This post begins a short series on how to use the working day functions in Qlikview.
NetWorkDays (short form)Calculate the working day number for today:
eg NetworkDays(MonthStart('2010/09/15'), '2010/09/15') = 11, so the 15th is the 11th working day of September 2010.
Calculate the number of working days in the current month:
=NetWorkDays(MonthStart(Today()), MonthEnd(Today()))The above examples are the short form of NetWorkDays, which consider working days to be Monday to Friday.
One limitation for people living in regions with calendars different to the standard Western calendar is that there does not appear to be a way to make the basis for the working day calculations to be anything other than Monday to Friday.
NetWorkDays (long form)
The long form of NetWorkDays allows you to take public holidays into consideration. This format adds an arbitrary number of dates to the parameter list which will be considered non-working days, such as:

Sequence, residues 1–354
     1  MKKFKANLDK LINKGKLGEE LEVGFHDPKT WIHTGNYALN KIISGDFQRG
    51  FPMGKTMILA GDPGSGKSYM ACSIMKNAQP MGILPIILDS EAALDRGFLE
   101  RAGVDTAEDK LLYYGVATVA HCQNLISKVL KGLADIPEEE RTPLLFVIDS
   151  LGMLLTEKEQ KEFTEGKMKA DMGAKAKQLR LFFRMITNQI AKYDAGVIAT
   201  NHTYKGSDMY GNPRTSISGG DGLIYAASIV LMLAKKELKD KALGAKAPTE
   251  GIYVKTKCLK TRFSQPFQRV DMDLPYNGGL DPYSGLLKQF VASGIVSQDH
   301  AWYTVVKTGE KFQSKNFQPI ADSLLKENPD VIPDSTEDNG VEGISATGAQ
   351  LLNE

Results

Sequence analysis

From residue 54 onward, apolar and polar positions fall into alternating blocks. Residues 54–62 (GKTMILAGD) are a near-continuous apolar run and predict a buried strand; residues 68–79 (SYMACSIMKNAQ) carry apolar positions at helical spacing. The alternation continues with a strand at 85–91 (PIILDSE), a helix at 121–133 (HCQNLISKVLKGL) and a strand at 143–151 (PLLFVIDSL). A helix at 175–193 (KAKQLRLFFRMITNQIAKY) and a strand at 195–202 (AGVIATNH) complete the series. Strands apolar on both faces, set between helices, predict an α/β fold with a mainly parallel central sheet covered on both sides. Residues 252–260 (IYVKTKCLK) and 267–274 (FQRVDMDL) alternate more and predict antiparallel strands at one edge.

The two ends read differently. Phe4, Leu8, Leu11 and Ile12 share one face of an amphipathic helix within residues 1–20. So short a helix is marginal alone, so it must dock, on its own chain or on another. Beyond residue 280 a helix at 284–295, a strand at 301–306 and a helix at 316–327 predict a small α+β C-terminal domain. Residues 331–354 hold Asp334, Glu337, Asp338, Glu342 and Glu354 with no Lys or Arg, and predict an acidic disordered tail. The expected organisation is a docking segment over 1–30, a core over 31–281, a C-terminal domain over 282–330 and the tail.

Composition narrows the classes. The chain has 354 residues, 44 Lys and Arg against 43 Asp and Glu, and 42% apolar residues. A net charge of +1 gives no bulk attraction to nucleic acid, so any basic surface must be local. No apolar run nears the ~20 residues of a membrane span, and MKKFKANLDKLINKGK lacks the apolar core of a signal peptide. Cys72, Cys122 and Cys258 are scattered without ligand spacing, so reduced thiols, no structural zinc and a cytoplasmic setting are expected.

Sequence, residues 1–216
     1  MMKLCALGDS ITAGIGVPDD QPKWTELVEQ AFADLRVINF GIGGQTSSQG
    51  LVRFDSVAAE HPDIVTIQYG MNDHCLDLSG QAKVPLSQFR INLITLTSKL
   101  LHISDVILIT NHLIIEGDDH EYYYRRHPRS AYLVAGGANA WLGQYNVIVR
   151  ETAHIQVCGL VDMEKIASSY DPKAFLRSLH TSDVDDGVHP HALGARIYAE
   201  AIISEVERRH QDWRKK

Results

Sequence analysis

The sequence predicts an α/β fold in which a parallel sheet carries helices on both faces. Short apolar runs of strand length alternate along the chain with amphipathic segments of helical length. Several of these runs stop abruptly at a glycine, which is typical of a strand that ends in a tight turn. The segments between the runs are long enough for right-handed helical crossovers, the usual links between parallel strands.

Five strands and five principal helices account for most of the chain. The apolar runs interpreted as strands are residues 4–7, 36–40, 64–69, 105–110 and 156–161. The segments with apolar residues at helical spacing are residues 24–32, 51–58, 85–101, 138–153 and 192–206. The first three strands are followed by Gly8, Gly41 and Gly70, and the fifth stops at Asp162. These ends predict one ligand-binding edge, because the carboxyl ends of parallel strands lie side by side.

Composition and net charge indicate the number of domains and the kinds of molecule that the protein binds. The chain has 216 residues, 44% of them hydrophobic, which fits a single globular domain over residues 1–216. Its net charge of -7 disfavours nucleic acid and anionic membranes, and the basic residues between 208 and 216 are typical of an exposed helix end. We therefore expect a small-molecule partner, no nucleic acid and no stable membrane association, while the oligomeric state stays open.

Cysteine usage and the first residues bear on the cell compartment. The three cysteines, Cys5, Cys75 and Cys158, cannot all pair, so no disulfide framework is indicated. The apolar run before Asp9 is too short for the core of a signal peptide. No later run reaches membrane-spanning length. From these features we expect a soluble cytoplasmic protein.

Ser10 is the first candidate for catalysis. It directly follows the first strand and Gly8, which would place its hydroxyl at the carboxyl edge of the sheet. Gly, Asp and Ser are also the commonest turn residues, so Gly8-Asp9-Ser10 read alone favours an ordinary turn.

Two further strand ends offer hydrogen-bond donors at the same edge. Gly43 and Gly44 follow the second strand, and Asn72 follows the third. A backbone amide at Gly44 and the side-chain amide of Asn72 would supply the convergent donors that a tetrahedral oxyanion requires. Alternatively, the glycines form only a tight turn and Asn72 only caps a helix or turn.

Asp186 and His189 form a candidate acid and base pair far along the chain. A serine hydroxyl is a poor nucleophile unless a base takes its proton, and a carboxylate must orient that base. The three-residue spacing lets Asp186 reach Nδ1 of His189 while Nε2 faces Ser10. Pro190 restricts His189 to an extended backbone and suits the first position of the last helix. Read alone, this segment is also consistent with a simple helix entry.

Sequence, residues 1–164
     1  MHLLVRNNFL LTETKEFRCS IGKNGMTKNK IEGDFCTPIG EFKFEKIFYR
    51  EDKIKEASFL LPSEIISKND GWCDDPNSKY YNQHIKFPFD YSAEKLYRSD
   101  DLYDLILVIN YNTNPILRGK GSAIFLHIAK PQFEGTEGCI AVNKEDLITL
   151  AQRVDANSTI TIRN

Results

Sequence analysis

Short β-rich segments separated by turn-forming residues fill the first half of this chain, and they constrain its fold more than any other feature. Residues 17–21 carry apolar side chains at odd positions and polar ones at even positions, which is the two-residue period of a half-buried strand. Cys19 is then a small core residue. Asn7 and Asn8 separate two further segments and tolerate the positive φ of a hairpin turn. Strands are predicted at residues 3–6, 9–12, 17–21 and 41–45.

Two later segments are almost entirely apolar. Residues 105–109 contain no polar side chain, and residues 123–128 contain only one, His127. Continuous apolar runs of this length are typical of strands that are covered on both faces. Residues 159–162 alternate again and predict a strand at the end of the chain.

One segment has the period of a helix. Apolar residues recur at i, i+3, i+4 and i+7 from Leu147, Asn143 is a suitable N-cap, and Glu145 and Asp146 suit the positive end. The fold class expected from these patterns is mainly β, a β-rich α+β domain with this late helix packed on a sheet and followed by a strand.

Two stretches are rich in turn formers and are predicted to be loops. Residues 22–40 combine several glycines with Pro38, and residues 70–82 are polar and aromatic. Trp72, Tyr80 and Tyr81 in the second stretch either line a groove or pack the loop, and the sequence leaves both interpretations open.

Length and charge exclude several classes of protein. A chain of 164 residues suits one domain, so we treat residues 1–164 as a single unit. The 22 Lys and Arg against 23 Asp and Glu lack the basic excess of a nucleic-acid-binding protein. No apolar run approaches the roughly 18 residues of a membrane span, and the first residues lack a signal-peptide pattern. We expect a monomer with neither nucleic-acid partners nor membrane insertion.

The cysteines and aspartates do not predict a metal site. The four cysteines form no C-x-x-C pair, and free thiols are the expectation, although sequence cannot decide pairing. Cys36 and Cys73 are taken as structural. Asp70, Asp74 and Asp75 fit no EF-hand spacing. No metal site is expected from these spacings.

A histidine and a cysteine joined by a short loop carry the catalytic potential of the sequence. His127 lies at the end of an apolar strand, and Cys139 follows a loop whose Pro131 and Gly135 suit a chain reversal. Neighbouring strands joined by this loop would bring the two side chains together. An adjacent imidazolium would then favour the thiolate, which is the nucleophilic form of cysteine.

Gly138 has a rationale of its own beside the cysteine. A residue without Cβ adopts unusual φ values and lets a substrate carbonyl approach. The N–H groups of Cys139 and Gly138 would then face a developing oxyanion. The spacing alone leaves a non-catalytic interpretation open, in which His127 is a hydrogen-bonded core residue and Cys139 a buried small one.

=NetWorkDays(MonthStart(Today()), Today(), '2010/09/24', '2010/09/25')
This will treat the 24th and 27th of September 2010 as non-working days. Note that 25 September 2010 is a Saturday, so is already a non-working day. This is correctly ignored by the NetWorkDay() function.
Using the long form
I have usually used the long form by reading public holidays from a spreadsheet (any data source will do), and concatenating the results into a variable. The script is:
LOAD Date([DATE], 'yyyy/MM/dd') as Date
FROM [..\QVDATA\Public Holidays.xlsx]
(ooxml, embedded labels, table is Sheet1);
LOAD concat(chr(39) & Date & chr(39),',') AS HolidayDates
Let vPublicHolidays = fieldvalue('HolidayDates',1);
DROP TABLE tmpHoliday;
DROP TABLE tmpConcat;
Now I can use vPublicHolidays like this:
=NetWorkDays(MonthStart(Today()), Today(), $(vPublicHolidays))
Next article on FirstWorkDate and LastWorkDate